8-     Toddlers eat the same: If you have a toddler, get them into eating the same meals as you. Ensuring that you do not use any salt and be careful with spicy food. Simply blend or chop up their portion to a size to best suit them, you can even freeze leftovers for convenience. This is also a great way to bond, share a meal with your child, increase their likeness for different foods and ensure they are eating healthfully too!

9-     Buy frozen: Did you know that frozen fruit and vegetables have a similar nutritional value as fresh? This is because they are frozen when picked retaining the nutrients, flavour and colour. The added bonus is that they also come already chopped and prepared! Be careful not to choose those with added salt, sugar or fat.

10-  Buy in bulk: Buying rice, pasta and pulses in bulk can keep the cost down and add to your store cupboard essentials. Try to avoid single use/microwave packets of rice and pulses which increases both the cost of the shopping and plastic going into the environment. You can even buy bigger packets of meat which will be cheaper per kilogram and freeze in portions for convenience. Lastly, you could cook a whole chicken ready to add to curries, sandwiches, salads. A whole chicken will give you two thighs, 2 breasts, drumsticks, wings and a carcass for making stock! 



Do you have any tips and tricks for saving the pennies on your food? Whether it’s ways to eliminate waste or ways to make your meals stretch further, we would lov

By Josceline Walden on 01/02/19 | Category - FoodWise Tips


When you think of "malnutrition" what comes to mind?

Usually we think of families in 3rdworld countries, or maybe those with clinical eating disorders such as anorexia nervosa or bulimia.
You probably don’t associate malnourishment with eating food, but the truth is you can be malnourished whilst still eating regularly.

According to the BDA (British Association of Dieticians) in the UK alone around 3million people suffer from malnourishment costing the NHS an excess of £13 billion per year!

 This post is designed to help you understand what impacts our nutritional status: signs of malnutrition, high-risk groups, links with poverty, and simple ways to eat yourself healthy whilst cutting costs.

What is malnutrition?

Malnutrition occurs when your body is not getting the correct amount of nutrients it needs from your diet.

Whilst usually associated with poorer countries where their diet is restricted and there is less food security, it is increasingly becoming a problem in Westernised societies due to:

-      Highly accessible and cheaper convenience foods with little to no nutritional benefit (think ready meals, sugary snacks, cereals, takeaways).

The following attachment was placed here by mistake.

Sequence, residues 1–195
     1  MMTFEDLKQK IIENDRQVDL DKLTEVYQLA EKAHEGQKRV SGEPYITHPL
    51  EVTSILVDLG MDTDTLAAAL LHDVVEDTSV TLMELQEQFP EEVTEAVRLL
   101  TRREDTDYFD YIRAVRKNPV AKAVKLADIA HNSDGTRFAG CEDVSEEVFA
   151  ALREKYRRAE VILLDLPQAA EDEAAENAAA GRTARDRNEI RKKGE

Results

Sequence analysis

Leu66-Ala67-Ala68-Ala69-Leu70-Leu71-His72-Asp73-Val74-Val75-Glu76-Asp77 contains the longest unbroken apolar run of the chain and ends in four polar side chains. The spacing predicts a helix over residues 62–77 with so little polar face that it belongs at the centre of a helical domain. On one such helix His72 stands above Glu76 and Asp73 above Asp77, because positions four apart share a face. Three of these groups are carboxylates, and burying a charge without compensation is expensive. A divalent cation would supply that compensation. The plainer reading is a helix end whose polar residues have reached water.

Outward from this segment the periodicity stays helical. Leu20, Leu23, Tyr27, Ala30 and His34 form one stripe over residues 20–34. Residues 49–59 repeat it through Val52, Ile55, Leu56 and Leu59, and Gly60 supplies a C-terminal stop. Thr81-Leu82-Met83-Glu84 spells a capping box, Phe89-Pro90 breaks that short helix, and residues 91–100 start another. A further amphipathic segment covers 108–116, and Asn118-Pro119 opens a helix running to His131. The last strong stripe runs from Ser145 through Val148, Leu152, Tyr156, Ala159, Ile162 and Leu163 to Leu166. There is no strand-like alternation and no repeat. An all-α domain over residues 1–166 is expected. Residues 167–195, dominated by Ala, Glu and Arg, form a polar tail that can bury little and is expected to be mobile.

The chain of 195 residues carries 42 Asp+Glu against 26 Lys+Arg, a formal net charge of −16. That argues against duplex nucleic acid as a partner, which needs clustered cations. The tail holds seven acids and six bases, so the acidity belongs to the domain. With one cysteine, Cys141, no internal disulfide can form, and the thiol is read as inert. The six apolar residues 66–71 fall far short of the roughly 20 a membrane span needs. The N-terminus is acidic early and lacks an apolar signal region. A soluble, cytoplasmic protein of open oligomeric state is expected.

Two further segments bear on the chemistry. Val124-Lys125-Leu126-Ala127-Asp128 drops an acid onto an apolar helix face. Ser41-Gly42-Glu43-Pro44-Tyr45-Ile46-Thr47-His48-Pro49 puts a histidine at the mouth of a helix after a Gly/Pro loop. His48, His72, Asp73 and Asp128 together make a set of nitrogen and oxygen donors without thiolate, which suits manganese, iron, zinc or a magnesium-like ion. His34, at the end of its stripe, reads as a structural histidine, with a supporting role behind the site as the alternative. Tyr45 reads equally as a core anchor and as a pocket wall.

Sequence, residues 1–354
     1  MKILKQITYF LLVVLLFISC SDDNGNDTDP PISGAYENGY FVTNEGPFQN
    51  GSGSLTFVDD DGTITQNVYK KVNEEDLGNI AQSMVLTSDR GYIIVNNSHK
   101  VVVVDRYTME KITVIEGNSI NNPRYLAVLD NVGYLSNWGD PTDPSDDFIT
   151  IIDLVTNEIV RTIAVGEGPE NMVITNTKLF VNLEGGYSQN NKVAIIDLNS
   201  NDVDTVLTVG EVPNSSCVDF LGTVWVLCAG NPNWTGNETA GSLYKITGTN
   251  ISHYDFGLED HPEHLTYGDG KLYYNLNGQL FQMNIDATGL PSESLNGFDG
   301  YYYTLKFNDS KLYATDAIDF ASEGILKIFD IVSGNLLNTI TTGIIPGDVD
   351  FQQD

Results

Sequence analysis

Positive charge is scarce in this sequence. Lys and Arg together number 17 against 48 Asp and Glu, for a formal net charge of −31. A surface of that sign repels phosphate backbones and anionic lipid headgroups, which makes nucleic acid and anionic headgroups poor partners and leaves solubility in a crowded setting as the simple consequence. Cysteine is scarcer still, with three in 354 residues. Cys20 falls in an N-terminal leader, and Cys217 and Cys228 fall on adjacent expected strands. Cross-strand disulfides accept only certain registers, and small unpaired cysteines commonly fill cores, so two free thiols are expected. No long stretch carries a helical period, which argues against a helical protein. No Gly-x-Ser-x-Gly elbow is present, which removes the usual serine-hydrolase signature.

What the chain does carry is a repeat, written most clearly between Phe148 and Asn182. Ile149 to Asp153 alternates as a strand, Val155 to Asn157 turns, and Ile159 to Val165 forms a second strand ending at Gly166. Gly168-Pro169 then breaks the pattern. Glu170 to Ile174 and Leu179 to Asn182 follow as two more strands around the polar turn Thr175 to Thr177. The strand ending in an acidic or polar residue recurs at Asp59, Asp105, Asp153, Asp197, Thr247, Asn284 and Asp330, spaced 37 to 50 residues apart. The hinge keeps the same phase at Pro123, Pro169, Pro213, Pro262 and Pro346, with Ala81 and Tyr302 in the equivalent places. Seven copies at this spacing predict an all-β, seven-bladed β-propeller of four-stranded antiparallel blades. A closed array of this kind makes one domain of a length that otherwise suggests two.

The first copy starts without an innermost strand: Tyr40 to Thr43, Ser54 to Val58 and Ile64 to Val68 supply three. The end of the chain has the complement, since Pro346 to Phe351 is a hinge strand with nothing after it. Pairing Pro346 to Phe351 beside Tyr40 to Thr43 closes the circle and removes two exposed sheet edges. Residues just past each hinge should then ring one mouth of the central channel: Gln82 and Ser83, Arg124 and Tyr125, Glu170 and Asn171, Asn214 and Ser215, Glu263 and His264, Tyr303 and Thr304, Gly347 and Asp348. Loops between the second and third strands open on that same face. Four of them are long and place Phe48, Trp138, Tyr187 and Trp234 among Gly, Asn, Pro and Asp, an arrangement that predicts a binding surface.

-      Increased food prices making cheaper alternatives more attractive

-      Growing economic stress

-      Miss-communication; healthy eating messages usually focused on weight not tackling the larger picture of malnutrition

More people opt for as a quick fix.  Due to the rise in food prices and other personal or environmental, stress factors, these food choices can seem like an easier option than preparing meals themselves.

Malnourishment is the leading cause of morbidity (disease) and the consequences harsh. From the direct impact on daily functioning, lowering immunity, energy levels, disrupting sleep and cognitive abilities(thinking, problem solving, mood, IQ, reasoning abilities).
To the more indirect, or long-term impacts, on heart and bone health, fertility, social, and economic growth.

Diet shapes your brain, impacts your body and influences your quality of life.

Signs & Symptoms

There are few things you can look out for when identifying malnourishment in yourself or others:

·     Weight loss/weight gain

·     Tiredness/Fatigue

·     Loss of muscle strength

·     Loss of appetite and mood changes

·     Reduced quality of life

·     Inability to carry out daily activities & loss of independence

·     Slower healing and easily picking up illnesses like colds and flu

·     Increased infection

·     Poor sleep

·     Thinning of hair and nails


You may notice how many of those link in with symptoms of mental health illnesses like depression. It is important to note how our body and mind are not separate entities and work together to help us thrive.

 Who’s At Risk?

Malnutrition can impact anyone, but there are certain groups who are deemed as being more "high risk”:

·     Elderly

·     Those suffering from mental health or disability

·     Those with income-poverty

·      Those with lower education or lack of education around healthy eating and simplistic nutrition

·     Children who may be carers for parents and/or siblings

·     Those suffering with clinical eating disorders and other conditions, such as Crohn’s disease, that can influence the body's ability to absorb nutrients 

·     Minority groups & those at risk of social isolation

 Malnutrition has serious consequences on child development and, for pregnant mothers, foetal development. Therefore it is important that when we look at tackling food poverty, and supporting those most at risk of nutritional deficiencies, in order to reduce the immediate, and future, impact on health and wellbeing. 

The Poverty Cycle

Low income is a massive factor that puts families under pressure and at risk of food insecurity and malnutrition.

Low-income families are also at a higher risk of illness and disability meaning their costs of healthcare may be higher, leaving even less to budget healthy eating, and with the additional stressors experienced, making diet and lifestyle bottom of the priorities. Having to take days of work, or school due to poor health as a result of malnutrition can perpetuate the problem, interrupting education, or economic advances. And so the poverty cycle deepens.


The Good News!

Nutrition doesn’t have to be rocket science and a balanced diet doesn’t have to be bland.
You needn’t be Jamie Oliver in the kitchen, and you can definitely push your trolley straight past the Chia Seeds and bottled Kombucha.


Here are some simple steps to kick-start yours and your family's health today:

  1.   Back to basics: the Eat well plate is a great place to start. It provides national guidelines for healthy eating, portion sizes and food group examples. Download a copy here and use it to guide your day so you can check in with yourself that you’ve included each food group in its recommended daily requirement.